Centre for Cancer Biomarkers CCBIO
CCBIO Seminar series

CCBIO Seminar - Jean-Christophe Bourdon

Title: "A decade of research on p53 sumarised".

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Apart from the interesting talks, the CCBIO seminars are a good way to meet CCBIO members and associates. Please feel free to inform others about this seminar as all are welcome both to the lecture and the pizza get-together afterwards.

Invited speakerJean-Christophe Bourdon, Division of Cancer Research, Jacqui Wood Cancer Centre, University of Dundee, United Kingdom.

Time: 14:30
Host: Bjørn Tore Gjertsen

Title: "A decade of research on p53 sumarised"


All genetic models, experimental and clinical data indicate that TP53 gene play key roles in cancer formation, progression and treatment. For 30 years, it was thought that TP53 is a dedicated tumor-suppressor encoding a single transcription factor, p53, which protects cells from genotoxic stress. However, it is poorly understood how a single protein, p53, can be responsive to so many stress signals and orchestrates very diverse cell responses to maintain/restore cell/tissue functions.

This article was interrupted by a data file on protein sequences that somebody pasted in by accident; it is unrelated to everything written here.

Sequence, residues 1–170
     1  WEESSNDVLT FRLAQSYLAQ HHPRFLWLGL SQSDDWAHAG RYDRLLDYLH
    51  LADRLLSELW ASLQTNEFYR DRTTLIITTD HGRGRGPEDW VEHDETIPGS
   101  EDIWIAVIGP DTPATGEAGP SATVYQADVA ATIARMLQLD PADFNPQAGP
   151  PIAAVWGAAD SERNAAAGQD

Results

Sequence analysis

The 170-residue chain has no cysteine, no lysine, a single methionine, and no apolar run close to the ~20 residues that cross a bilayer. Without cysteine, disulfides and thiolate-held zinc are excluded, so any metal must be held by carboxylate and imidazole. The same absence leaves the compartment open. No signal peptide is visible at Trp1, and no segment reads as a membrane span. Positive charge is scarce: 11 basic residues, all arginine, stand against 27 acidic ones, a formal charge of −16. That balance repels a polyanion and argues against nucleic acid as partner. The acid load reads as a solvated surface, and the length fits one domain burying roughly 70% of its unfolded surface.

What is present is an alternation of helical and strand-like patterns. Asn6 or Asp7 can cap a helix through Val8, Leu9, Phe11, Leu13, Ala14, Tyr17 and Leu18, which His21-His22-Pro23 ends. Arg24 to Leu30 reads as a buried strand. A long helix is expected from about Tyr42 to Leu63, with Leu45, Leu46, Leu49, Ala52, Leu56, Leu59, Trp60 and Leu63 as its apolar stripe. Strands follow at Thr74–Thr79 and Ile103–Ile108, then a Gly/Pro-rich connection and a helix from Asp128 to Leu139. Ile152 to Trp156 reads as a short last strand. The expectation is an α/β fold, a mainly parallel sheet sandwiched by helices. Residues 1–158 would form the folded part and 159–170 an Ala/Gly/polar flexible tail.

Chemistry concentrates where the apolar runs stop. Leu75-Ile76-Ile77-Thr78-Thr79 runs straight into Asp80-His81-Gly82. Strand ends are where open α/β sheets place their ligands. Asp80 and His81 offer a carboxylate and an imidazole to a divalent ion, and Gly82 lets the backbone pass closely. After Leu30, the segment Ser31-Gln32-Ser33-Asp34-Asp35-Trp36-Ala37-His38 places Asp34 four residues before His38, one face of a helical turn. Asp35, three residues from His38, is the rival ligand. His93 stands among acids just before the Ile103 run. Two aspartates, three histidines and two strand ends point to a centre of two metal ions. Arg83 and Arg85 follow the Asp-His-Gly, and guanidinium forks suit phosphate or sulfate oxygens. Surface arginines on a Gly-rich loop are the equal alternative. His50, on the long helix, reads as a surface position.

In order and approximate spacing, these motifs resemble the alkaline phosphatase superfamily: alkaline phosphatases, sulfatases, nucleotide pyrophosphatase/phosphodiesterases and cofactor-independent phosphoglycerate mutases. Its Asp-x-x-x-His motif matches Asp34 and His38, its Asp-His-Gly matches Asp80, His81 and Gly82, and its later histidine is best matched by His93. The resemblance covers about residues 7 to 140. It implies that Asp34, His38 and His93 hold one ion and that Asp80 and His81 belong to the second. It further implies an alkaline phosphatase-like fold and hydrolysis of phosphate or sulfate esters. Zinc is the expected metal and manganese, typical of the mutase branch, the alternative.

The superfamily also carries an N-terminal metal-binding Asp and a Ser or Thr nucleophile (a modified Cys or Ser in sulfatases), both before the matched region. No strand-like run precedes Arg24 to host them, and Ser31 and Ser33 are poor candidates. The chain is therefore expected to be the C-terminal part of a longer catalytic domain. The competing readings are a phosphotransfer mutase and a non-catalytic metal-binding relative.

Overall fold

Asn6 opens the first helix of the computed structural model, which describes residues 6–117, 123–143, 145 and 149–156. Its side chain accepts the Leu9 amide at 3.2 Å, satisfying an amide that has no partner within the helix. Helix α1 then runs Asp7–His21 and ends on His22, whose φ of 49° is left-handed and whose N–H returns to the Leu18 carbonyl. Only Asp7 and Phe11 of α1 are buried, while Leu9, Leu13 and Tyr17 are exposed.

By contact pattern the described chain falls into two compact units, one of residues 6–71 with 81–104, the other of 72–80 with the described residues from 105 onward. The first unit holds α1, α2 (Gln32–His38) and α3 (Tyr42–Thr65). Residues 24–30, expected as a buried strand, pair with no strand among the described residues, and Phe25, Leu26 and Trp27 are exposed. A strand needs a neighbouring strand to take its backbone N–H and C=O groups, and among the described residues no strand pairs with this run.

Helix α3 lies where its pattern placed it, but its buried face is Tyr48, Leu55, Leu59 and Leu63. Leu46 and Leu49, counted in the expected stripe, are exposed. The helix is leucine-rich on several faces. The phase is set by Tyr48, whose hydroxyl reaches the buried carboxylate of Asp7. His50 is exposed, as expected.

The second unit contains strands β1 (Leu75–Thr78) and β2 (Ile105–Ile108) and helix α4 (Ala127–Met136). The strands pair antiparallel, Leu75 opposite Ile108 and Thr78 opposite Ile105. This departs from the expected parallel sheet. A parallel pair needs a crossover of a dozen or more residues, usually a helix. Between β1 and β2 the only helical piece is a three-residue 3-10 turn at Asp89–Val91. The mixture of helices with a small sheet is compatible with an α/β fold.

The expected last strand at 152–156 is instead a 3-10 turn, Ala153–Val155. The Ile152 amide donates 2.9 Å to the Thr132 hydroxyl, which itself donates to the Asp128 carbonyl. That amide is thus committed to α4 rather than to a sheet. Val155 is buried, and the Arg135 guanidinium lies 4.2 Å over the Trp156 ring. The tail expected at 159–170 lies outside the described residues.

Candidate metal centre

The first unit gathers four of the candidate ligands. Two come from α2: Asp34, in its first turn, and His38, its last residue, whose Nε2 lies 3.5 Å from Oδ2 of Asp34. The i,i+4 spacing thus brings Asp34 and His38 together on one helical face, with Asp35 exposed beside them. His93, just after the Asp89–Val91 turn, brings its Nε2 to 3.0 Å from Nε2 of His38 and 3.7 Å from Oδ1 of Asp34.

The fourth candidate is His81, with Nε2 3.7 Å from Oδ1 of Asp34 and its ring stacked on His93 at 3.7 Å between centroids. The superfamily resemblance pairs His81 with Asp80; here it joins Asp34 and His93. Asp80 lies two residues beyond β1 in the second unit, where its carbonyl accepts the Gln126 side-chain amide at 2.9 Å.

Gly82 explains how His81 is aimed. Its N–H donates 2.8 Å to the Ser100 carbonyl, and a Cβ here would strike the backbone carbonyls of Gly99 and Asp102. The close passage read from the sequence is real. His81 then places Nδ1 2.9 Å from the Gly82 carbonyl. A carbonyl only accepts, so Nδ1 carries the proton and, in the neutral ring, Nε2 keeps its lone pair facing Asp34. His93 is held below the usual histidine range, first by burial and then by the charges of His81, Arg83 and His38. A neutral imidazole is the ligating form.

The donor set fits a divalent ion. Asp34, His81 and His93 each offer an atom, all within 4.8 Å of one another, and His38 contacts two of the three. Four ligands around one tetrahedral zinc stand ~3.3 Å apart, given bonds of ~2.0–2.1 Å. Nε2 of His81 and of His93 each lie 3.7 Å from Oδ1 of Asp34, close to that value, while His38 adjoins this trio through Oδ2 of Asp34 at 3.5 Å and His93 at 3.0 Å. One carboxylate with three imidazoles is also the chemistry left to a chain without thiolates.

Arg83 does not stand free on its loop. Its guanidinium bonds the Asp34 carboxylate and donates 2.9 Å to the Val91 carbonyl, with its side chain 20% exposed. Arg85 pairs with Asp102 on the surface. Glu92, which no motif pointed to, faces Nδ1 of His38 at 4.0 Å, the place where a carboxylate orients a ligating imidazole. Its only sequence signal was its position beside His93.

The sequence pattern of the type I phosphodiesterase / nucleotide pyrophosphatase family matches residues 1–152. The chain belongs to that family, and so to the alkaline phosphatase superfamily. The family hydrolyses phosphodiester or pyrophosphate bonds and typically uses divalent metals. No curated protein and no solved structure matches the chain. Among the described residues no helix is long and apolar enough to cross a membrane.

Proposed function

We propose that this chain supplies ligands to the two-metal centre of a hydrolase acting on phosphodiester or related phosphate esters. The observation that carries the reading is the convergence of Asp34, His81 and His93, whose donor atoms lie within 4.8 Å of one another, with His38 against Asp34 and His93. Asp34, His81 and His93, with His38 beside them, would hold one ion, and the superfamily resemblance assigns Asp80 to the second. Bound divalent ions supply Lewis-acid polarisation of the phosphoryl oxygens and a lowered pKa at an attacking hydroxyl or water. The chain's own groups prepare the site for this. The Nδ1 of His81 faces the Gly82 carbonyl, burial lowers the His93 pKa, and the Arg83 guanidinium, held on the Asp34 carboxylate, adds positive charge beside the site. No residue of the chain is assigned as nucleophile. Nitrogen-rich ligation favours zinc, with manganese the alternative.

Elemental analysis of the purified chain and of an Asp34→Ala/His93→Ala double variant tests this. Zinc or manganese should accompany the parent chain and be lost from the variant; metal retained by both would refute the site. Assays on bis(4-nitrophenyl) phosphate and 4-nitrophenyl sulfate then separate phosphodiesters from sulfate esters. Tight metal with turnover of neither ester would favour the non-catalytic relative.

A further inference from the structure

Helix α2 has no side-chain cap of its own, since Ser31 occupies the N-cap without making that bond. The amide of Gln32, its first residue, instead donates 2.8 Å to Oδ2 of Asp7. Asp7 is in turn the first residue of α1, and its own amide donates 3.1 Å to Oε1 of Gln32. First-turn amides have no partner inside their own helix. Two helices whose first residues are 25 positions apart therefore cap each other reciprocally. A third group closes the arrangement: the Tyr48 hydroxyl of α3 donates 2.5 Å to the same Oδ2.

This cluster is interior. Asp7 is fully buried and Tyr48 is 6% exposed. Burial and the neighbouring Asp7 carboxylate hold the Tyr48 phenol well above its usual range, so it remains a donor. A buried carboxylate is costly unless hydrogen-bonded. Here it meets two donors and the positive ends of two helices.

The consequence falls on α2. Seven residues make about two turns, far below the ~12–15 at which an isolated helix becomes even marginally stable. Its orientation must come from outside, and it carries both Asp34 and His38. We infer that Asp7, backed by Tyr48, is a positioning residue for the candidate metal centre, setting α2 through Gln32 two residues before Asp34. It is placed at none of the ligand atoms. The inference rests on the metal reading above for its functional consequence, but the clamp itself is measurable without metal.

The uncovering that TP53 gene physiologically expresses, in a tissue-dependent manner, not one p53 protein but twelves different p53 proteins with distinct biochemical activities (p53 isoforms) may prove fundamental to decipher the p53 pathway and improve cancer treatment. Over the last decade, all genetic animal models of p53 isoforms (zebrafish, drosophila and mouse), have consistently indicated that altering expression of a few p53 isoform, without affecting canonical p53 protein expression (ie. p53a), promote different pathologies: premature ageing, (neuro-)degenerative diseases, inflammation, cancer, embryo malformation and altered responses to ionising irradiation or infectious diseases. The p53 isoforms are dynamically reforming in depth the p53 field.

I will summarise a decade of research on p53 isoforms and present our latest experimental and clinical studies in breast cancer that could be extended to predict response to treatment in other type of cancer.